It is presently 2.42 am in Seoul. I am suffering from jetlag (Making an eastern journey with a nine hour time difference is especially brutal). I went to bed at about 6pm yesterday evening, and I have therefore just woken up, and I have a few hours to while away, . Buying an international power adaptor in the largest electronics market in Asia did not turn out to be particularly difficult, so thankfully I do not have to ration electrons this morning and I have my laptop and the internet. This makes lying awake in a foreign city with jetlag somewhat more bearable than it has been at some times in the past, and it makes the hour I spent making sure that the versions of my music and photo libraries, my e-mail archive, and various other things that are stored on my laptop were fully up to date were well worth it.
In a way, though, this is kind of relaxing. I have no other obligations for the next few hours. The last few months have been extraordinarily hectic for me. My team at work has been seriously understaffed (we have had great difficulty hiring good people), it has been bonus season, and the total workload has risen. I have been working ridiculous hours, and things like blogging have been lost in the rush. Suddenly, though, I am on holiday, and due to the absence of any GSM mobile phone networks in Korea my mobile phone and Blackberry suddenly don’t work, so my colleagues do not know how to contact me even if they wanted to. I am out of touch and have no immediate obligations to anybody, particularly when jetlagged early on a Sunday morning.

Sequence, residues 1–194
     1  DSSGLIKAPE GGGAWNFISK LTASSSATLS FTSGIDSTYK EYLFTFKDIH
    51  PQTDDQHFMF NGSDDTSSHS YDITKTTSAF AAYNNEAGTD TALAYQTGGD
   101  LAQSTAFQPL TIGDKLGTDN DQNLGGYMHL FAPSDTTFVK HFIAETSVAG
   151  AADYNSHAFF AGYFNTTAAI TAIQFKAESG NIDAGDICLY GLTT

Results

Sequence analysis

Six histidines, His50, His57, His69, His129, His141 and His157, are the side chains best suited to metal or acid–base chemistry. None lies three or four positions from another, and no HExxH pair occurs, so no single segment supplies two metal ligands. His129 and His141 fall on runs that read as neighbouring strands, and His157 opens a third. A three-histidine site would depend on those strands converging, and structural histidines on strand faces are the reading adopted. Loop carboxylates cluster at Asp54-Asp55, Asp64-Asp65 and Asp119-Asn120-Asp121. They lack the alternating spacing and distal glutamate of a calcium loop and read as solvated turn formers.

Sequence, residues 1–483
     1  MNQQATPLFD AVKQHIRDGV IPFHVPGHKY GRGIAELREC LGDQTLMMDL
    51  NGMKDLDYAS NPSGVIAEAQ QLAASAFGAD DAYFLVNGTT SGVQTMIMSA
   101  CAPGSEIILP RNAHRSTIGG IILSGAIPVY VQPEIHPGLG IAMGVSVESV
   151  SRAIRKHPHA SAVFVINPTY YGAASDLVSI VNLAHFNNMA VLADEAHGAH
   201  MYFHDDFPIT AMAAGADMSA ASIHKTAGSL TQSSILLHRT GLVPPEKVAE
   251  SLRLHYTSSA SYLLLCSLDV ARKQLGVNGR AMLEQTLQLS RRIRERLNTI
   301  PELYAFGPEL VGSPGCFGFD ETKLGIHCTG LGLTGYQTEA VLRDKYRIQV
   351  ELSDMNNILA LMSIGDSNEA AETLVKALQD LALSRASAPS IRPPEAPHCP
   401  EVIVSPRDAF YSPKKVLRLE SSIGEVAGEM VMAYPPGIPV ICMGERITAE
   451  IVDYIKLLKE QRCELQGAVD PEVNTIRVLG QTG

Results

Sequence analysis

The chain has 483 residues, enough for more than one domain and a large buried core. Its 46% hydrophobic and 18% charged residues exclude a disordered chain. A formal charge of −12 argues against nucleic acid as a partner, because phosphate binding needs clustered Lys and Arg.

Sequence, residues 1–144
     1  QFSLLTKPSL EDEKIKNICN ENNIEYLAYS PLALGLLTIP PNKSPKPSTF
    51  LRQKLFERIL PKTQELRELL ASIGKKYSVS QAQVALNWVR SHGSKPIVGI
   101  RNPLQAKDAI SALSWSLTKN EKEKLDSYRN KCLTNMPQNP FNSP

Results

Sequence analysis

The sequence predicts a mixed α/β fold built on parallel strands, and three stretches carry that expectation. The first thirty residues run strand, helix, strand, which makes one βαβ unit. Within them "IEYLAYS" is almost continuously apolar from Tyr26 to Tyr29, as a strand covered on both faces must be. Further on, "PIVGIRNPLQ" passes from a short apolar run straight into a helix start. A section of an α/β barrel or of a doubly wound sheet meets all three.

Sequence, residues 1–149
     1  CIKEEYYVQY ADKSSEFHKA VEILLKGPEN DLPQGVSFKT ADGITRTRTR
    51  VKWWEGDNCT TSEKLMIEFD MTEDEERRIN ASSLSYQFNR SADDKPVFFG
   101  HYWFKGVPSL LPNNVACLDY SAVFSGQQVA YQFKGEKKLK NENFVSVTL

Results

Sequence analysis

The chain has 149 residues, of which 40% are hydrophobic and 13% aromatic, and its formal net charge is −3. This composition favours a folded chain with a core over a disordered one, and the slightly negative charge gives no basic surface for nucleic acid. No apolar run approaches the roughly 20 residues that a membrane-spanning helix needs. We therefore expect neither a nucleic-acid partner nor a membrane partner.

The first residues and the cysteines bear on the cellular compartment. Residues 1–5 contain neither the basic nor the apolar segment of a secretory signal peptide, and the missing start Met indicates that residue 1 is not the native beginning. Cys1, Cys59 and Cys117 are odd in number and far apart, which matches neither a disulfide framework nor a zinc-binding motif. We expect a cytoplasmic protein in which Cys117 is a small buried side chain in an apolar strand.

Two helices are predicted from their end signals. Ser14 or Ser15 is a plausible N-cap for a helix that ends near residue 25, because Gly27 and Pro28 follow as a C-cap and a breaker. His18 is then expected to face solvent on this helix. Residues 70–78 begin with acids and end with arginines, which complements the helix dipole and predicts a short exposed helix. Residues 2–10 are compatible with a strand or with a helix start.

However, I do have an obligation to the people of Samizdata. I am yet to explain why I was in Denmark on November 11.
The reason is actually fairly simple. I went to see Emma Maersk, the largest container ship in the world, at the end of its first trip from Europe to Asia and back. After being built in the shipyards of the Danish city of Odense and being christened on August 12, the ship had sailed from its home port of Aarhus to Gothenburg, Bremerhaven, Rotterdam, Algeciras, the Suez Canal, Singapore, Yantian (Shenzhen), Kobe, Nagoya, Yokohama, Yantian, Hong Kong, Tanjung Pelepas, the Suez Canal, Felixstowe, Rotterdam, Bremerhaven and Gothenburg, and was scheduled to arrive back in Aarhus at 1pm on November 11. Upon reading about the ship in various places, I thought it would be nice to go and actually look at her. I could have gone to see her in Felixstowe in Suffolk on November 4, but that was a weekday. In any event, low cost air travel in Europe has reached the point where it is no harder or more expensive to go to Aarhus than it is to go to Felixstowe, so I thought “what the heck” and spent about $60 on a return plane ticket.